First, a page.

November 10, 2003
RESULTS OF 2003 FTA CREDIT CARD SURVEY
To State Tax Administrators:
FTA recently conducted a survey on how states use credit cards to facilitate the payment of taxes or fees collected by the states’ revenue agencies. The entire survey is attached. If you have any questions, please call on Ryan Burruss at firstname.lastname@example.org
FTA recently conducted a survey on how states use credit cards to facilitate the payment of taxes or fees collected by the states’ revenue agencies. The entire survey is attached to this bulletin.
Of the 33 states (including the District of Columbia and New York City) that responded, 30 currently have a program in place to accept credit card payments. (Note: Louisiana does not accept credit cards yet, but does accept e-checks.)
An overwhelming majority, (70%) of responding states, use a third party to process the payments; in this scenario, the taxpayer pays the fee to the third party. In contrast, seven revenue agencies pay at least some of the fees directly. The cost to the state in FY 2003 ranged from $70,000 to $1.4 million.
According to the survey, almost $700 million was collected from credit card, debit card and e-check payments over the course of FY 2003. This dwarfs the $190 million collected (as reported to the survey) by the states just two years earlier in FY 2001. Louisiana alone collected $170 million in e-checks in 2003. NYC, which allows credit card payments of parking tickets and real estate taxes (both paid to the New York City Department of Finance), collected $61 million and $90 million from credit cards and debit cards/e-checks, respectively. California collected over $80 million in credit, debit and e-check payments that same year.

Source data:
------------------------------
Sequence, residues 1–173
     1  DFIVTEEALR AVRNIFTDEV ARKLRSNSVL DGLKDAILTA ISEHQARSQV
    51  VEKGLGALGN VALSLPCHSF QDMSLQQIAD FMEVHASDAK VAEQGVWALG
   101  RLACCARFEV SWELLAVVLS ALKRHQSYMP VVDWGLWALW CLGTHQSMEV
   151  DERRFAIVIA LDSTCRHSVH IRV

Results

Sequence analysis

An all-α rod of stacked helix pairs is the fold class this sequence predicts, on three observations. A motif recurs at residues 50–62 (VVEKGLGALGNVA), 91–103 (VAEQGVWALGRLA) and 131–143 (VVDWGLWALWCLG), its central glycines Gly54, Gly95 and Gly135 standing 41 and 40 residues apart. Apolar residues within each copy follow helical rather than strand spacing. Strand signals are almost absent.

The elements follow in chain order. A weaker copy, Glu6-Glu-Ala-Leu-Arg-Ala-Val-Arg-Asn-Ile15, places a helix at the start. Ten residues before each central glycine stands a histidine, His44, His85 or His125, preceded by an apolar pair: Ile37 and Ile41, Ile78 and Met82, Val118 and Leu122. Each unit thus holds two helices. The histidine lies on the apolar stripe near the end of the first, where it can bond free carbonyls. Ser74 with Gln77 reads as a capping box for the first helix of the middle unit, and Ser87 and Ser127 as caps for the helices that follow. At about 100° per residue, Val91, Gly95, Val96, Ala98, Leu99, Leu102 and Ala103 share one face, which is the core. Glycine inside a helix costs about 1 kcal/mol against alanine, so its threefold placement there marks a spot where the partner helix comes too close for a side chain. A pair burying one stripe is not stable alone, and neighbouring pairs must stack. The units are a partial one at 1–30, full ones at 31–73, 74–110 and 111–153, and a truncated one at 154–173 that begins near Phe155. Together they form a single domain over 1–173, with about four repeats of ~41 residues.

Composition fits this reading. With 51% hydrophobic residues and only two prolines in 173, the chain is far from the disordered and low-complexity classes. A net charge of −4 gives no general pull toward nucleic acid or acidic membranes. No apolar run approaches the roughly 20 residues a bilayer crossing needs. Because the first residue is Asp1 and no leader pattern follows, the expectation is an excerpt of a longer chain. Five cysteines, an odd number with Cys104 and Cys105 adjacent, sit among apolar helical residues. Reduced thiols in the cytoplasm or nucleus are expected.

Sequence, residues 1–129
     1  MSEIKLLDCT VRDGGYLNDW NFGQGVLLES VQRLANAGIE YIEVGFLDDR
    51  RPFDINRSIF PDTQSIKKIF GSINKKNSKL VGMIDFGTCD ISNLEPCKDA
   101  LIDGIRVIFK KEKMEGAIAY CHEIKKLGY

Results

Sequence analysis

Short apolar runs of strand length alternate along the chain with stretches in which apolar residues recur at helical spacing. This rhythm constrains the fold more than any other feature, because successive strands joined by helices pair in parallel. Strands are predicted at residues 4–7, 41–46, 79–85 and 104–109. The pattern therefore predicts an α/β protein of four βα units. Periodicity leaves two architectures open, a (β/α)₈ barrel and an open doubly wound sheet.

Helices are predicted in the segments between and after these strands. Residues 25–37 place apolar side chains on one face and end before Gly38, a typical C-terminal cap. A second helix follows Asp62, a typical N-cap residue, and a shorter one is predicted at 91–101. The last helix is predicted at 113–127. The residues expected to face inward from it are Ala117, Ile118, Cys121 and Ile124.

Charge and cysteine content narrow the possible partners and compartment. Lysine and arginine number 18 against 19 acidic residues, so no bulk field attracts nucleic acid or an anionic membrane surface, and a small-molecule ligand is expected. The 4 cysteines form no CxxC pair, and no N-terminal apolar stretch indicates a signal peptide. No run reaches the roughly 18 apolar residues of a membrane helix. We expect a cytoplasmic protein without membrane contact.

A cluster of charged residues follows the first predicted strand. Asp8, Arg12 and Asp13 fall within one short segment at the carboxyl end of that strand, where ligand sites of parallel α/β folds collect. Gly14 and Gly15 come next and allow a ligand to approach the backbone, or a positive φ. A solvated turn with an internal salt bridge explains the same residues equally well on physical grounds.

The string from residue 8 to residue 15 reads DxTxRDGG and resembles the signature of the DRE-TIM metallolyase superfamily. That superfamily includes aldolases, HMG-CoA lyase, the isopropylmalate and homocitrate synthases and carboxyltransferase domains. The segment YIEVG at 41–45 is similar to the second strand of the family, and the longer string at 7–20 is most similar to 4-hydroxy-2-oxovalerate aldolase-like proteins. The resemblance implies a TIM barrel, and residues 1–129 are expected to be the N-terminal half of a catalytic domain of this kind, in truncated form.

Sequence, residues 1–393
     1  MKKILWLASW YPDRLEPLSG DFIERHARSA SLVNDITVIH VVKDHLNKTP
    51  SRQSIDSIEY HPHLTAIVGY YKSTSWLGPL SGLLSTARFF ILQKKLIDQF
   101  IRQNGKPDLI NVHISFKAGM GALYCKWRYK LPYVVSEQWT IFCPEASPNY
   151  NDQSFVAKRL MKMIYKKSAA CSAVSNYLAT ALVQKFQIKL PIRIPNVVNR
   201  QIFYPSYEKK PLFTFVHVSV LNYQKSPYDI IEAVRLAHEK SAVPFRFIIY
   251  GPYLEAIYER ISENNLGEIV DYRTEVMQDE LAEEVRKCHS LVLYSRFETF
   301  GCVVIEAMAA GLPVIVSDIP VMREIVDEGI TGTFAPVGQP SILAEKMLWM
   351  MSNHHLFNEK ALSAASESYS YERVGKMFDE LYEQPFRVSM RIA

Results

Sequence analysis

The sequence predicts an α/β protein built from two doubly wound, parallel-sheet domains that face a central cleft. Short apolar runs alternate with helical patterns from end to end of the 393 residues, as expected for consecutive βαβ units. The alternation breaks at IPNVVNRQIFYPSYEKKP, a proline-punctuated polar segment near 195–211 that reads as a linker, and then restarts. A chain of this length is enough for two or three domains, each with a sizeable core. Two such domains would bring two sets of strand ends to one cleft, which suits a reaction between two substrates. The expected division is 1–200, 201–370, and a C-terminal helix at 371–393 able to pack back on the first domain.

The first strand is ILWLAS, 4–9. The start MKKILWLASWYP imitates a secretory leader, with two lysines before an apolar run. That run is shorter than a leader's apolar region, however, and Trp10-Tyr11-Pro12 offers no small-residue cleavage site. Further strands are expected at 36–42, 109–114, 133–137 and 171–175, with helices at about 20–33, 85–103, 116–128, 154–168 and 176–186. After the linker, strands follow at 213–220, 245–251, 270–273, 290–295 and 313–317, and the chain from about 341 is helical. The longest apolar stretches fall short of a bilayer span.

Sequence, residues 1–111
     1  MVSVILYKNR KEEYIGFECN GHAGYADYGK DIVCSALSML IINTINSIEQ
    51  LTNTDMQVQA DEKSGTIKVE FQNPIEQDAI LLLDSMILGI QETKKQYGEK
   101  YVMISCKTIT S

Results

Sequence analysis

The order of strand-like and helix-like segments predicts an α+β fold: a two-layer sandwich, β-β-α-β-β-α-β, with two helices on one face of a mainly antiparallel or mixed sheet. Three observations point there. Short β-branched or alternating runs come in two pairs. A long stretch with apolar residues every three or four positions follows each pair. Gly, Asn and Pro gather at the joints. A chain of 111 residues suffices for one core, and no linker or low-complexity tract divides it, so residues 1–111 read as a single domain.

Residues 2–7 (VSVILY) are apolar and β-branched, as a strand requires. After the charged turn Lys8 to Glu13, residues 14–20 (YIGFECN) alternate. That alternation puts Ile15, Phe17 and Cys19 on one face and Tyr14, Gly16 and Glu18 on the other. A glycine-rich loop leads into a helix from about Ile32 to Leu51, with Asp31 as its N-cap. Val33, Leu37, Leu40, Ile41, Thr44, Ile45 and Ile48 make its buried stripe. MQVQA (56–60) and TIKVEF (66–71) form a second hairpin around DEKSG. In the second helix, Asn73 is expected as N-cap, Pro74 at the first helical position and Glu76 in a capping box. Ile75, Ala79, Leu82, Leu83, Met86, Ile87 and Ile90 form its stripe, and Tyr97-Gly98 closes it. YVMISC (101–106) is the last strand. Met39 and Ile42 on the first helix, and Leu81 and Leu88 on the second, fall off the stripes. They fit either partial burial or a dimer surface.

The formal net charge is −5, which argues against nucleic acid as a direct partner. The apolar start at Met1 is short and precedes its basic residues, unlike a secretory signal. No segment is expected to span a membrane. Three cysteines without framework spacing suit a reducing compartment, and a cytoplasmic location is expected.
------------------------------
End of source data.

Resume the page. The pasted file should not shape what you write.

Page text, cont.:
In all, six states (20 percent
of those responding with a credit card program in place) collected over $10
million in FY 2003 from credit card purchases alone. Four states (23.5 percent
responding with an e-check/debit program in place) collected over $10 million
in e-checks/debit transactions over that same time period.
In terms of total credit card transactions, New York City led the pack with almost 500,000 transactions in FY 2003. The second highest transaction count came from California Franchise Tax Board (86,000). Pennsylvania saw the biggest jump in participation, from 6,800 transactions in FY 2002 to over 29,000 the following year (representing an impressive 330 percent jump).
The total increase in participation in e-check/debit programs is also impressive. Whereas 4,700 transactions were tracked in FY 2001 and almost 33,000 in FY 2002, a whopping 125,000 transactions representing $376 million was recorded by the responding states in FY 2003.
Every state, except one, stated that they are either "satisfied" or "very satisfied" with the progress of their credit card payment programs.
In response, most states are expanding their programs. Of the 31 programs that have a credit, debit or e-check program in place, all but four responded that they have immediate plans to improve and add to the programs. Those plans include everything from adding more payment types via the Internet to expanding the program to include more tax types to adding direct debit/e-check transaction capabilities (for states that don’t already have it). Overall, the conventional wisdom seems to be heading towards broad acceptance of various payment types for most, if not all, tax types.
Also on the horizon, Louisiana is poised to begin accepting credit card payments next year. Tennessee plans to seek legislation authorizing acceptance of credit cards for all tax payment types in the 2004 legislative session.
If you have any questions about the survey or its results, please call on Ryan Burruss at email@example.com.
Harley T. Duncan
Attachment: Survey Results